There was a good reason Monday why Grizzlies forward Zach Randolph had one of those rare games in which he failed to achieve a double-double in points and rebounds.

Because on that night, the world champion Los Angeles Lakers, with future Hall of Fame guard Kobe Bryant and three of the most athletic 7-foot players in the league, determined their priority would be stopping a 6-9, 260-pound, round-shouldered, 30-year-old forward with underwhelming leaping ability.

"Get into Randolph early" were the pregame instructions scribbled on the dry-erase board in the Lakers' dressing room.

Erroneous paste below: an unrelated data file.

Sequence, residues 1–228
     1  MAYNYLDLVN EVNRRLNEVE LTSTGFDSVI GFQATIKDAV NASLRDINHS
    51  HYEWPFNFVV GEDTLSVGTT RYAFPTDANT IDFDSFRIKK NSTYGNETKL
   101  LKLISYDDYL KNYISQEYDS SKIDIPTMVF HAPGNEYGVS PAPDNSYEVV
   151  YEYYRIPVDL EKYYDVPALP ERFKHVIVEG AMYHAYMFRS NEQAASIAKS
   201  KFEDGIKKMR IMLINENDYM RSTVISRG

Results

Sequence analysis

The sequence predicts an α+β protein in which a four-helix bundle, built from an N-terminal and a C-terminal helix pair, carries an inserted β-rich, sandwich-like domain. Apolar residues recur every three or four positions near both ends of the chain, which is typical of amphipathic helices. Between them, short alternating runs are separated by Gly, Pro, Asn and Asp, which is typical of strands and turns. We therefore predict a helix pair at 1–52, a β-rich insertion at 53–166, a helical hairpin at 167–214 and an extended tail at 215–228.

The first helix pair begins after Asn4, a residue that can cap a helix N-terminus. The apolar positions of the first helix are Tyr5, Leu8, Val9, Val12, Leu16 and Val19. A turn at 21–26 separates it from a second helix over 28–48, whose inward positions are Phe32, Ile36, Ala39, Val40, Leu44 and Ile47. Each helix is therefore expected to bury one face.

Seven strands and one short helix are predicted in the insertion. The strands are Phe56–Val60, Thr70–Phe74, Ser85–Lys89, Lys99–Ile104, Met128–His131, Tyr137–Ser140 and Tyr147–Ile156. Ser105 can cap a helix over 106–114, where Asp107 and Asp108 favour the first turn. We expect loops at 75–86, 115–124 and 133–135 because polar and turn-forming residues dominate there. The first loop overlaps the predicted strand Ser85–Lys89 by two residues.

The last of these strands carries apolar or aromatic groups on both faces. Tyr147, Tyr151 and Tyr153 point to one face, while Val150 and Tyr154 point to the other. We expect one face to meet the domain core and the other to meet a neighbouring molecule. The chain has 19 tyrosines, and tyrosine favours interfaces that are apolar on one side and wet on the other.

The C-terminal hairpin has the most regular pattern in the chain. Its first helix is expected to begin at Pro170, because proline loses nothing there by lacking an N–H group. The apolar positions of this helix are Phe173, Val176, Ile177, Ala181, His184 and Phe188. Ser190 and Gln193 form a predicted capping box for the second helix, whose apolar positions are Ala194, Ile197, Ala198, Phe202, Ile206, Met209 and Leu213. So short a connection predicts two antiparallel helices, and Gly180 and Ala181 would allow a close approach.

"He's clever, and he's got a game which he's adapted to," said admiring Lakers coach Phil Jackson. "He's actually 6-11, but because God chose not to give him a neck, he measures only about 6-9, 6-81/2 . But with those long arms getting a lot of offensive rebounds, he's very successful."

Then, Jackson ordered his defense to double-team Randolph all night with all those long 7-foot bodies. It's something that Randolph, a 10-year NBA veteran who's nursing a sore ankle and will be a game-time decision tonight against the Bucks in FedExForum, has become accustomed to facing.